Every tree limb overhead seems to sit and wait, while every step you take becomes a twist of fate.
Up on the watershed, standing at the fork in the road...

If you are new to our adoption blog please take a moment to scroll down to the archives at the bottom of this page and start with July 2009 post "Watershed."


The Blanket

J and I are deeply entrenched in training. No matter how much I thought I knew going into this adoption I am surprised almost daily by what I didn't know.

I didn't know what a Secretary of State apostille (edit - authentication!) looked like or why it was required. I didn't know that we would have to sit through 24 hours of in-person training on topics like attachment and sensory integration and brain development. I didn't know that we would have to watch the two dullest women on earth talk us through...oh at least 1,000 hours of DVD training (Because They Waited - anyone done it?) repeating the same topics we learned about in class and then take online tests. I didn't know what I didn't know.

I am not anti-process or training or even the expensive DVDs and online courses. They all exist for good reason. Just saying that I am surprised!

But despite all of the training from well trained trainers ;)
I still cull the most knowledge/true understanding from reading mothers' blogs.

This is one of my favorites by far. It really pulled together the concepts of a child's grief and loss as well as attachment in a way that I could relate to. Since I read this about a week ago I've been referring to #3 as just "baby." As in "when baby comes we need to move around the furniture" or "when baby is here we can go to the kiddie amusement park at the end of the block." J just smiles. I think he thinks I've begun to lose it a little.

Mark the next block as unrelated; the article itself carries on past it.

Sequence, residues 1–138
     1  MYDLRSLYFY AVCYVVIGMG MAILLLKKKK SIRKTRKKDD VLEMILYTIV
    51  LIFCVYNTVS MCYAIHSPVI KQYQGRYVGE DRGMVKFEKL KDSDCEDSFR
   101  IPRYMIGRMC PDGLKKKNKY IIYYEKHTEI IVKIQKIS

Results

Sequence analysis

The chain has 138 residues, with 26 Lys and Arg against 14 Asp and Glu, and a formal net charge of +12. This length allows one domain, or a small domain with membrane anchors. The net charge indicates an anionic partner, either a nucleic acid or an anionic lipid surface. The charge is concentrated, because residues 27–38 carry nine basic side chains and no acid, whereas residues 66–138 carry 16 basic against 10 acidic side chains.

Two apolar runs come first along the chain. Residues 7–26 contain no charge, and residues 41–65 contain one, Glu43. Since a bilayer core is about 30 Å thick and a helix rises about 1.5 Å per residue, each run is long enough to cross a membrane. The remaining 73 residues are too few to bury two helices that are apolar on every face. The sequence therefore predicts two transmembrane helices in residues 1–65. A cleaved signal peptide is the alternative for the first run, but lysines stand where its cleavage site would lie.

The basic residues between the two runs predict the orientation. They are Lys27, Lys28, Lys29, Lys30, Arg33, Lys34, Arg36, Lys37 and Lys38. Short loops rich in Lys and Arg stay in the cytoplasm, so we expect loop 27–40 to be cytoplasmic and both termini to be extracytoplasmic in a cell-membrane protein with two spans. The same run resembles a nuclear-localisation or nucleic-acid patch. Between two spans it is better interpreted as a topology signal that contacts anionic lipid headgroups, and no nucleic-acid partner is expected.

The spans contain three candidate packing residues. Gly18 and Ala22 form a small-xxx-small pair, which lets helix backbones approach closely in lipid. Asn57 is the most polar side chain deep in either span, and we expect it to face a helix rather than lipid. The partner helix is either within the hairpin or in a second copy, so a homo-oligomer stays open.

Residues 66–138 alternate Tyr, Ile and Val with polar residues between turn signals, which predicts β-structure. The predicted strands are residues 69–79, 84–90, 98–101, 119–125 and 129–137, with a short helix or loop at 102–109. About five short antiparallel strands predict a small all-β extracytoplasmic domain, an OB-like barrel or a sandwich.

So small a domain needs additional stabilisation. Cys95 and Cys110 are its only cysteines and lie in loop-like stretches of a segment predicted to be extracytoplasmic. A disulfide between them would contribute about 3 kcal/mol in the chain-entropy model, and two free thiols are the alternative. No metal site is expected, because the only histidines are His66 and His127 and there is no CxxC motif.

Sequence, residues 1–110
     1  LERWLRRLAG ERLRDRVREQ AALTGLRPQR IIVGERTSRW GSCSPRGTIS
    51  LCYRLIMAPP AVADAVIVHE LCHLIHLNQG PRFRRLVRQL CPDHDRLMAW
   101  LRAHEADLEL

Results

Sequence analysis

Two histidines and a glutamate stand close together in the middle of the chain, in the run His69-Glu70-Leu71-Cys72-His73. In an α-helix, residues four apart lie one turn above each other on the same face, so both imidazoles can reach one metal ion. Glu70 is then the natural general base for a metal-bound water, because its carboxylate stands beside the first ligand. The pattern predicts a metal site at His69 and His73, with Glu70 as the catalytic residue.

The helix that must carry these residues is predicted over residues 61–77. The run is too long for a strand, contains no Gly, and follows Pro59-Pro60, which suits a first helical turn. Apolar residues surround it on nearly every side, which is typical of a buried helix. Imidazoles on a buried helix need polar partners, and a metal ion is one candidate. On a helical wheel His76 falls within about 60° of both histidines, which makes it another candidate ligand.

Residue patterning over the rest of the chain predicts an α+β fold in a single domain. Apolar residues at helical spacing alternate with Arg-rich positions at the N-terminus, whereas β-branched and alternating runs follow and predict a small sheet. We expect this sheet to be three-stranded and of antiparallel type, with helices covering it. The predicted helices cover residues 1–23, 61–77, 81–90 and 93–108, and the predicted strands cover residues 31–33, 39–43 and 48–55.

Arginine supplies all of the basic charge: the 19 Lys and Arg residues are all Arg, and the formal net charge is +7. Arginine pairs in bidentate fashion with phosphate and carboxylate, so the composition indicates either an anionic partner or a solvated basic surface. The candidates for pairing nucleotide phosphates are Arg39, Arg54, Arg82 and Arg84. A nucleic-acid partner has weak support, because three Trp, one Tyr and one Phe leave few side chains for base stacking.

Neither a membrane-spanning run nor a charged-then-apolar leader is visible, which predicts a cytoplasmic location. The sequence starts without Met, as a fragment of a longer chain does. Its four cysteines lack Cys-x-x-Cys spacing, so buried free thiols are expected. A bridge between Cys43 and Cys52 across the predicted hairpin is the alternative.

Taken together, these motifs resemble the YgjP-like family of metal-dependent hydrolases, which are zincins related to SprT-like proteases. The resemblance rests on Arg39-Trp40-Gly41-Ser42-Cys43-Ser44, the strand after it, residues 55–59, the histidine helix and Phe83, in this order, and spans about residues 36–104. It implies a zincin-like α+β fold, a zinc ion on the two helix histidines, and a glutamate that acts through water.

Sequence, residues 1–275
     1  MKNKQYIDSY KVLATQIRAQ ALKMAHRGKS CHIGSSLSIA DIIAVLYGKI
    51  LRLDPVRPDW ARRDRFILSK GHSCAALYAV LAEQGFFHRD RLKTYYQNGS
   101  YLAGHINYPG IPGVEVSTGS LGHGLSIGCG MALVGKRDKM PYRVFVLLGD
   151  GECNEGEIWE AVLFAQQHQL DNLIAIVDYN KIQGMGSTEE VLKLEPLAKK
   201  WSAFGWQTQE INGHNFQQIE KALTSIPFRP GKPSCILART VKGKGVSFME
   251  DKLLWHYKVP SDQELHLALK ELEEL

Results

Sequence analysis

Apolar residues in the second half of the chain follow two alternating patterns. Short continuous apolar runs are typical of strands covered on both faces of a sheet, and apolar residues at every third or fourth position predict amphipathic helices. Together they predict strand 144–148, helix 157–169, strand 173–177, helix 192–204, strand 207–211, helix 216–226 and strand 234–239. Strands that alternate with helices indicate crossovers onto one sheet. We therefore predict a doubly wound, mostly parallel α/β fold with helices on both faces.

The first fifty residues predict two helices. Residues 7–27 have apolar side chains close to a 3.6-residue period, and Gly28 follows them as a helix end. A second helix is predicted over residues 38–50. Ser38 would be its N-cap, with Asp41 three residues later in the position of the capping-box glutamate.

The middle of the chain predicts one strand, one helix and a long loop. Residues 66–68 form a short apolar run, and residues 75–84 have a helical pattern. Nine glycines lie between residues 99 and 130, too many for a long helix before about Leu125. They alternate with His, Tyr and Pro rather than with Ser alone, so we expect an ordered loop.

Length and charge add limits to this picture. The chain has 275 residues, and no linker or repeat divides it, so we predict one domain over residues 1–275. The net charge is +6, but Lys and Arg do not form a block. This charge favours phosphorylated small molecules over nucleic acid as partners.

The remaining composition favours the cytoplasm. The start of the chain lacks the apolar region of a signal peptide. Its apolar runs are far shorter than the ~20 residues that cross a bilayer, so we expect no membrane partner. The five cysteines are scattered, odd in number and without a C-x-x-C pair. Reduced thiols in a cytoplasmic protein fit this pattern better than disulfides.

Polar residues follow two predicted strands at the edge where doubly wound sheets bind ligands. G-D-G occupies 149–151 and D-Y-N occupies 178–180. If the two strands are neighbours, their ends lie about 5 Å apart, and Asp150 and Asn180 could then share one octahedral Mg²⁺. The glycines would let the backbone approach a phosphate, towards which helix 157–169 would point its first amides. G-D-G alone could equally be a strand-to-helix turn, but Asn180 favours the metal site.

When every baby is born they are given a blanket.
This blanket is supposed to be warm and soft and protective.
It usually has beautiful colors and satin edging.
It is wrapped around the baby and the baby is at peace.

Sometimes, the blanket is old.
It hasn't been washed and it is made of burlap, but it is wrapped around the baby, and even though it is a little smelly and scratchy, the baby is at peace.
The blanket for this baby has big problems.
There are big holes in it. It looks like it had satin edging once, but that has been torn away.
It may have had soft pastel colors, but it is now a dull and dirty brownish grey.
It is wrapped as best it can be around the baby, and the baby clings to it for peace.
But the baby is cold and can't get comfortable.

Now, both the baby and the blanket are dirty and smelly, but it is the baby's blanket, and baby holds on to what little comfort it knows, and tries to have peace.
Suddenly, the blanket is ripped away.
Baby cries and reaches for the blanket, but it is gone.
Baby knows it wasn't a good blanket, a warm and soft blanket, but it was baby's, and with it, baby knew the only peace that baby has ever known.

Someone has wrapped a new blanket around baby.
It has pretty satin edging and soft fleece.
It smells fresh and inviting, but baby throws it off.
That is NOT Baby's blanket. Where is baby's blanket?
Baby cries and cries as the new blanket is wrapped back around baby's body.
Baby notices warmth that baby has never felt before. This is a trick.
Yes is is warm, but IT IS NOT MINE!!!!!